Gordon’s War?

Martin Stabe points us to the latest New Yorker piece from Seymour Hersh, who reports that the White House is leaning towards using Iranian involvement in Iraq as a pretext for air strikes, rather than the Iranian nuclear programme:

The shift in targeting reflects three developments. First, the
President and his senior advisers have concluded that their campaign to
convince the American public that Iran poses an imminent nuclear threat
has failed (unlike a similar campaign before the Iraq war), and that as
a result there is not enough popular support for a major bombing
campaign. The second development is that the White House has come to
terms, in private, with the general consensus of the American
intelligence community that Iran is at least five years away from
obtaining a bomb. And, finally, there has been a growing recognition in
Washington and throughout the Middle East that Iran is emerging as the
geopolitical winner of the war in Iraq.

During a secure videoconference that took place early this summer,
the President told Ryan Crocker, the U.S. Ambassador to Iraq, that he
was thinking of hitting Iranian targets across the border and that the
British “were on board.” At that point, Secretary of State Condoleezza
Rice interjected that there was a need to proceed carefully, because of
the ongoing diplomatic track. Bush ended by instructing Crocker to tell
Iran to stop interfering in Iraq or it would face American retribution. (New Yorker)

The prospect of a war with Iran in 2008 would be a very strong incentive for Brown to call an early election. In that respect, it might be a very hopeful sign if he were to pass up the opportunity.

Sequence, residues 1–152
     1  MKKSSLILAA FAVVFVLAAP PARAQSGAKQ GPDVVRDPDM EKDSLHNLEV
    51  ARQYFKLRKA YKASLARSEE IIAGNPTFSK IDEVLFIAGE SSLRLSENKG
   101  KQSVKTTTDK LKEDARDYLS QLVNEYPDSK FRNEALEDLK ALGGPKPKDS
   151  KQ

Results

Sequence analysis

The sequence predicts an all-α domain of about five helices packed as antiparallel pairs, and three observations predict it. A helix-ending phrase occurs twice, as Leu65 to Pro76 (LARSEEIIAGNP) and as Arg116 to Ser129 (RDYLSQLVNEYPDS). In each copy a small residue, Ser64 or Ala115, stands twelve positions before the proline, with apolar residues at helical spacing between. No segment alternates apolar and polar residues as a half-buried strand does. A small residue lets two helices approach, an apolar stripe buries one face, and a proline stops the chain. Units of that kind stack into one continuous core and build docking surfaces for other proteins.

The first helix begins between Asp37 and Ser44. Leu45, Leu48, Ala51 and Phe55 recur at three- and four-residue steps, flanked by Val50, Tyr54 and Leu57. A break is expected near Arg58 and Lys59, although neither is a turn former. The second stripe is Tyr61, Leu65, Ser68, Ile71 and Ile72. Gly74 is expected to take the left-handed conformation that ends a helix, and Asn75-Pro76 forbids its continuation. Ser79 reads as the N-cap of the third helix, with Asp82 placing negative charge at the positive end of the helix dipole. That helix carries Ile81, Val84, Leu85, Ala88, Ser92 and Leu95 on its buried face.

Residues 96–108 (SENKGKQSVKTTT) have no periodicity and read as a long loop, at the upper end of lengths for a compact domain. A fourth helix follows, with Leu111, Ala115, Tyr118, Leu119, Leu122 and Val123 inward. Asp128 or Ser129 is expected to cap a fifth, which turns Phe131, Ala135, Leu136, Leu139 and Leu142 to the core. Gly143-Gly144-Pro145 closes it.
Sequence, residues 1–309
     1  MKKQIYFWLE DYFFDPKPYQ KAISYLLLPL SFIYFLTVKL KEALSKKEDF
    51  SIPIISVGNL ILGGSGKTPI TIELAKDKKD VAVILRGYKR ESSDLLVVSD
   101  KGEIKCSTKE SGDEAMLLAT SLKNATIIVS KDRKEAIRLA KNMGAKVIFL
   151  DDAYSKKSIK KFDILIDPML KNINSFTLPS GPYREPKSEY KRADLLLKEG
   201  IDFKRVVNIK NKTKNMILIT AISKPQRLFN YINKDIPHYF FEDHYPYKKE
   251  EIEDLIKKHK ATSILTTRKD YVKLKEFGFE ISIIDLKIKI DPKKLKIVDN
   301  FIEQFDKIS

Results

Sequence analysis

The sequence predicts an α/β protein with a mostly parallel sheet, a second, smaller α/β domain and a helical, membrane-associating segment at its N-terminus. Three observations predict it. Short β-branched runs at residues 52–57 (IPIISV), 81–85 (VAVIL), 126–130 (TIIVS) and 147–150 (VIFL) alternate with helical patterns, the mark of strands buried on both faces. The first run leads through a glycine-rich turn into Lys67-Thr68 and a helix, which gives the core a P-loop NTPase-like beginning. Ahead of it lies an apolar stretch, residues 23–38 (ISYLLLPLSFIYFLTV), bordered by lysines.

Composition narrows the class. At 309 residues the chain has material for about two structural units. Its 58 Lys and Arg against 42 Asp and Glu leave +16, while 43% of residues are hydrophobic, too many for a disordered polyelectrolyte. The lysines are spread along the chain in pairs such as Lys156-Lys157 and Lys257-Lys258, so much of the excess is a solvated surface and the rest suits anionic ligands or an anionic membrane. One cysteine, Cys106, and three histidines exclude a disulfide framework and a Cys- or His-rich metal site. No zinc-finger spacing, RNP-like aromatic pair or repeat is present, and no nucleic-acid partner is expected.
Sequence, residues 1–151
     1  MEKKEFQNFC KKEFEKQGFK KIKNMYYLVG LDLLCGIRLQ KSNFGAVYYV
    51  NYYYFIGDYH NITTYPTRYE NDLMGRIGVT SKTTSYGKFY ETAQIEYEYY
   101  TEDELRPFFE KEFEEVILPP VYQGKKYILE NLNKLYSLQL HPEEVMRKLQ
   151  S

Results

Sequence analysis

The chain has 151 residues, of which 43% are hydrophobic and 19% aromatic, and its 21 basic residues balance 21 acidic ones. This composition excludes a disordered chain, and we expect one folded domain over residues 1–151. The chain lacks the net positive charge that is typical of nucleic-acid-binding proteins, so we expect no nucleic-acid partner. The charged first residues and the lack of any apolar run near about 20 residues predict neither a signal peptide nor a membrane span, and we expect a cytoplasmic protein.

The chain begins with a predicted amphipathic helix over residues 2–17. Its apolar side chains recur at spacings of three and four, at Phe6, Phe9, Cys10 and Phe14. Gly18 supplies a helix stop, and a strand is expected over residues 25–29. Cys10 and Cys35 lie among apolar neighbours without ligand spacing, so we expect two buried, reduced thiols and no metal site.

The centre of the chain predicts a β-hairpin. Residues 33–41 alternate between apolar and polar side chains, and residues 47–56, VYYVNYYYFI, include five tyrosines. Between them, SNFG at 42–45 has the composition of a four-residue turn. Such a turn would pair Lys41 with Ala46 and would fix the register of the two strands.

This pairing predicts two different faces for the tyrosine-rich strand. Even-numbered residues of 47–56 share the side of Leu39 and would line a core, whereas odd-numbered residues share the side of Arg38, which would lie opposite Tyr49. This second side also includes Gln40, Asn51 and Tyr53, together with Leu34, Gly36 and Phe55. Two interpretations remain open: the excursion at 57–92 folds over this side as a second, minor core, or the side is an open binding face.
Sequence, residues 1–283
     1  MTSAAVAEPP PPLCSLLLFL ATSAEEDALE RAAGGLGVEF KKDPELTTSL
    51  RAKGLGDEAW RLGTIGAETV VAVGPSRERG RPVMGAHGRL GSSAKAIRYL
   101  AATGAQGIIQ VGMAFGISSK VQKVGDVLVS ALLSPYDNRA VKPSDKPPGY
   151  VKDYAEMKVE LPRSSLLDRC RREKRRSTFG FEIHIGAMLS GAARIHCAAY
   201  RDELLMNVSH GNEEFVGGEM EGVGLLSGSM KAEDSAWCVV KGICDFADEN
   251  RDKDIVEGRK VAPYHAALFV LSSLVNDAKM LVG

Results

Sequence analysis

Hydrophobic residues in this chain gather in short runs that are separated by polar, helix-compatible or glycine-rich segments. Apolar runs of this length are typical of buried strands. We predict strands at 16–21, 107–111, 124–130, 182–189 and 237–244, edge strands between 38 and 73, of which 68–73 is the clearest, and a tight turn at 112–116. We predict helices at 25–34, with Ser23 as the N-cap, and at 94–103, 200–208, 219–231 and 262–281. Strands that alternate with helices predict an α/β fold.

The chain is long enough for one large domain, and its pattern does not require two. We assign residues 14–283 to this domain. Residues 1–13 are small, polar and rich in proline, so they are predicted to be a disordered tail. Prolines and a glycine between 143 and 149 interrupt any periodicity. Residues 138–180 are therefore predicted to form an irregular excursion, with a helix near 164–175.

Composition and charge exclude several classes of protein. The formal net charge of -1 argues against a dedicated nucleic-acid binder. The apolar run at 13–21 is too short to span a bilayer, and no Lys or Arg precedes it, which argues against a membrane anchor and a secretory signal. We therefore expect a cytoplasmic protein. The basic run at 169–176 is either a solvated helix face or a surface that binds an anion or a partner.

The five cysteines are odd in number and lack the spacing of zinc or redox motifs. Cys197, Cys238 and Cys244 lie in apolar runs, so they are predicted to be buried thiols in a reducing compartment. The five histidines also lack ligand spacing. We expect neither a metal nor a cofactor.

3 responses to “Gordon’s War?”

  1. DougtheDug avatar

    “The prospect of a war with Iran in 2008 would be a very strong incentive for Brown to call an early election. In that respect, it might be a very hopeful sign if he were to pass up the opportunity.”
    Brown’s not a natural risk taker and even if he knew an Iran war was coming his instinct would be to wait things out and to sit on his hands if he thought that Iran would not be a major electoral factor two to three years hence.
    So no election doesn’t really say much one way or the other on what’s going to happen in Iran.
    However an early election would say that Brown was looking at a two to three year premiership starting with an Iranian war in 2008 and ending in electoral meltdown in 2010, a scenario disastrous enough to force even Gordon’s unwilling hand into calling for an early election in the hope that five years down the line things would have improved.
    I posted on an Iain MacWhirter article on the Sunday Herald where I said,
    “If he goes for an election now it’s going to be an indicator that the economy, Iran and Afghanistan are going to get much worse and it’s his one and only shot at getting to be Prime Minister for more than two years.”
    So maybe you’re right in a way but Iran is going to happen no matter what. No election means Gordon thinks he can ride out the Iran conflict when it comes. An early election means things are probably going to get very bad if they’ve forced Gordon into taking the risk.

  2. Antipholus Papps avatar

    Do you people really think that there will be an election worthy of being called such come 2010?

  3. Tom Griffin avatar

    If Gordon Brown didn’t didn’t think he could lose an election in 2010, there would be no reason for him to call an election this year.

Leave a Reply

Your email address will not be published. Required fields are marked *